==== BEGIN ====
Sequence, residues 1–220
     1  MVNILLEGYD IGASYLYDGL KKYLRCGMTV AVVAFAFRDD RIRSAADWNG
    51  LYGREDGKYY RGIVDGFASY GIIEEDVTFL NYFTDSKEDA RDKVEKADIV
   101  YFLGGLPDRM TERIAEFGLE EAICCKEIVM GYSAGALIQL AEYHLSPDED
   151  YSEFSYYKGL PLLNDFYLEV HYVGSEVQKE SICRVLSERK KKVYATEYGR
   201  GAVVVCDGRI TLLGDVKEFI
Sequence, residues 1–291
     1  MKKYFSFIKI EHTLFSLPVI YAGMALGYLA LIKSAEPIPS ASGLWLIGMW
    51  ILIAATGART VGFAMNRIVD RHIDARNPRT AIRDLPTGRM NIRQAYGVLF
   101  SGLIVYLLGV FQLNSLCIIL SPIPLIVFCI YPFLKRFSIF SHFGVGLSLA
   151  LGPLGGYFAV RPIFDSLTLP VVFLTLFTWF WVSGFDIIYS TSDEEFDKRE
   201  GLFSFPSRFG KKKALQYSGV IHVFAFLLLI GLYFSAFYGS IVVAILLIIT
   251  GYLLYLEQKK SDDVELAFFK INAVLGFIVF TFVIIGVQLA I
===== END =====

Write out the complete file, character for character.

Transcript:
Sequence, residues 1–220
     1  MVNILLEGYD IGASYLYDGL KKYLRCGMTV AVVAFAFRDD RIRSAADWNG
    51  LYGREDGKYY RGIVDGFASY GIIEEDVTFL NYFTDSKEDA RDKVEKADIV
   101  YFLGGLPDRM TERIAEFGLE EAICCKEIVM GYSAGALIQL AEYHLSPDED
   151  YSEFSYYKGL PLLNDFYLEV HYVGSEVQKE SICRVLSERK KKVYATEYGR
   201  GAVVVCDGRI TLLGDVKEFI
Sequence, residues 1–291
     1  MKKYFSFIKI EHTLFSLPVI YAGMALGYLA LIKSAEPIPS ASGLWLIGMW
    51  ILIAATGART VGFAMNRIVD RHIDARNPRT AIRDLPTGRM NIRQAYGVLF
   101  SGLIVYLLGV FQLNSLCIIL SPIPLIVFCI YPFLKRFSIF SHFGVGLSLA
   151  LGPLGGYFAV RPIFDSLTLP VVFLTLFTWF WVSGFDIIYS TSDEEFDKRE
   201  GLFSFPSRFG KKKALQYSGV IHVFAFLLLI GLYFSAFYGS IVVAILLIIT
   251  GYLLYLEQKK SDDVELAFFK INAVLGFIVF TFVIIGVQLA I